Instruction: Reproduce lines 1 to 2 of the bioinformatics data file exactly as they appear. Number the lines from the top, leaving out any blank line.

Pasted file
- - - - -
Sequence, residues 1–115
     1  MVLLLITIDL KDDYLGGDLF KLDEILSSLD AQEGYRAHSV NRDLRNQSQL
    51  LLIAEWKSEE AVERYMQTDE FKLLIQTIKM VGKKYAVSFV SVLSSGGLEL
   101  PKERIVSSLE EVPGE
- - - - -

Sequence, residues 1–115
     1  MVLLLITIDL KDDYLGGDLF KLDEILSSLD AQEGYRAHSV NRDLRNQSQL